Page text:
Barbara prefers speaking to writing, so there is no manual I can reference. I did take her course years ago, however, and I have talked with Barbara many times about social psychology and the practice of persuasive speech. In the process, Barbara convinced me to take the elements of Aristotle’s rhetoric seriously, and I persuaded her that experimental social psychology adds value to the art.
A brief synopsis of Barbara’s recommendations can now be found in the last chapter of Danny Warshay’s (2022) book on entrepreneurship. Danny teaches a course that prepares students to make pitches to venture capitalists. They need to persuade the capitalists to invest in their projects, a task that brings forth the ancient Ionian agon, or competition. The would-be entrepreneurs play a zero-sum game.
Credibility and Audience Centering
Barbara’s list of recommendations is rich. In this limited space here, I highlight two ideas: establishing one’s credibility and centering one’s message on the audience’s interests. Danny, channeling Barbara after she has guest-lectured in his course for 1.5 decades, suggests that it is best to “have someone else brag about you in an introduction” (p. 258). For his part, he introduces Barbara as “a rock star professor at Brown” (p. 255), and we already see how introductions can go badly–and who would introduce an unknown undergraduate with a pitch, and how would they do it?
I take a different view. Of course, it is nice if you are already a household name so that your introducer can redundantly declare that you need no introduction. This does not apply to most of us. I advise against leaving the introduction to someone else because it surrenders the power of speech to someone likely to mess it up. The most common problem is, as illustrated by Danny’s introduction of Barbara, praise that is too exuberant and vague. Other praise reduces to cheap signaling (“He has an MBA from Harvard.” Who cares?).
Credibility is established best by delivering a competent and articulate speech. The bulk of Barbara’s advice goes to this. Credibility can be baked into the performance of persuasion; it need not be an added feature. Indeed, once you assert that “You should believe me because I am a doctor,” you are already undermining the power of your speech by suggesting that it cannot stand on its own.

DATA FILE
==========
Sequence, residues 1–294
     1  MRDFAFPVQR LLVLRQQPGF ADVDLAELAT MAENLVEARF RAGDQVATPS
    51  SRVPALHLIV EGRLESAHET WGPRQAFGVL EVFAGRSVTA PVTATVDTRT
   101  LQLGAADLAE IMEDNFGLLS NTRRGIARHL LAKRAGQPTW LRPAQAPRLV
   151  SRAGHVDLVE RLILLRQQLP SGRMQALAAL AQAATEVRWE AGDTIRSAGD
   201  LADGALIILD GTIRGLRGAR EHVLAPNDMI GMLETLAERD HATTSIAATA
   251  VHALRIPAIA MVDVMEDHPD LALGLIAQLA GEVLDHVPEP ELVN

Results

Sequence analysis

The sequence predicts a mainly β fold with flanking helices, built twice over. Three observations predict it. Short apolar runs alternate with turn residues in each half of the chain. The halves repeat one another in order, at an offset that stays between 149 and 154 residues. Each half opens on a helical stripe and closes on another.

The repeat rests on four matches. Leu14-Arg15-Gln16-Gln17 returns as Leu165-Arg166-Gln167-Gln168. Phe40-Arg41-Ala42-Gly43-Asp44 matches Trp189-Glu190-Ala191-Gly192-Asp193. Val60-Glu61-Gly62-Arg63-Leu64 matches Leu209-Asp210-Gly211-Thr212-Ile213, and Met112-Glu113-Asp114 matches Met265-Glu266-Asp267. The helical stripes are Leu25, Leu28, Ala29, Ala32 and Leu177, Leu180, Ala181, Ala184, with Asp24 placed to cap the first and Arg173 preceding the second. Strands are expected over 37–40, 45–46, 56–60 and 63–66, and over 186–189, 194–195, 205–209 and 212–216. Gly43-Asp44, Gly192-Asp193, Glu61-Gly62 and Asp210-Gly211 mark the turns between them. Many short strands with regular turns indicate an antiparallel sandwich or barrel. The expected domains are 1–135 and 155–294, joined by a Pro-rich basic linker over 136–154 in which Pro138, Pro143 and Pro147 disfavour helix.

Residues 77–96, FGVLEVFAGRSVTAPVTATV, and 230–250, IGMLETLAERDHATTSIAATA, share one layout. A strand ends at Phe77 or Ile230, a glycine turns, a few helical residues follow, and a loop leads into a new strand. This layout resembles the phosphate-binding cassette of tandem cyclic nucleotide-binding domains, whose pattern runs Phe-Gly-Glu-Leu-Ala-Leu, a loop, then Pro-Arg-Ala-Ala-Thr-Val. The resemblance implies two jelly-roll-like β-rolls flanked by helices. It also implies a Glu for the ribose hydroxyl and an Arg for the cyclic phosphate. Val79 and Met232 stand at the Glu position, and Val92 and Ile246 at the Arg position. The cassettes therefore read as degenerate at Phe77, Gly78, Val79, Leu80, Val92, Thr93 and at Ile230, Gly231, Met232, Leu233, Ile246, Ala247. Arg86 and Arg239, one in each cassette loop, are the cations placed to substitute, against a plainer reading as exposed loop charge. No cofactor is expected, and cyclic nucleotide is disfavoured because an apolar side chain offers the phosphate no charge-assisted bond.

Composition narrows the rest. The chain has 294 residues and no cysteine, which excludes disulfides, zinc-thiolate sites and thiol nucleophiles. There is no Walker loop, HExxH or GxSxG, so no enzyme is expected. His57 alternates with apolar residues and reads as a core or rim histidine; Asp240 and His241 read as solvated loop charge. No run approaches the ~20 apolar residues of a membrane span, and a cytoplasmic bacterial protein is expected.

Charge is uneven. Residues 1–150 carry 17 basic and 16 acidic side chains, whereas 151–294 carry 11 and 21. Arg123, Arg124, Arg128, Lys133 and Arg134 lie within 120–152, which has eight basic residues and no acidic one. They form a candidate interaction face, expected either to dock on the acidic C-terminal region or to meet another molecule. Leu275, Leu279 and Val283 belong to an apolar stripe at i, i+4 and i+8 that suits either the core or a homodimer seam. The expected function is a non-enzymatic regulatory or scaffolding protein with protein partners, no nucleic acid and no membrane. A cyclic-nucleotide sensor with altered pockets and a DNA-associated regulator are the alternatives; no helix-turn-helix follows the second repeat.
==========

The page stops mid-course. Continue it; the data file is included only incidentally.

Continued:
Inescapably, your persuasive speech is about you. You want to accomplish something; you want to persuade others; you know that your performance reflects on you; you are secreting the sweat that stains your armpits. This is why Barbara’s advice to understand and respect what the audience needs and wants is so important and hard to follow.
If you want to reach your persuasive goal, you must show your audience how they can win. Whatever you are advocating must be shown to have an instrumental value for attaining the audience’s aims. If their proximal goals are known, this is well, and it can drive your speech. If these goals are unknown, it is safe to assume that audiences wish to be happy, healthy, wealthy, and well-regarded by their peers.
If this sounds all too easy, it is. In the context of debate and conflict, in the Ionian arena of the agon, you are reduced to knowing that the other party wants to win just as much as you do. And this is not a situation where you want to ask, “What’s in it for the audience?”
Instead, you may need to reach deeper into the rhetorical toolbox and pull up some of those dirty tricks. When you do, tell your audience that you use dialectics and not rhetoric. While they puzzle over what that means, you move in for the kill.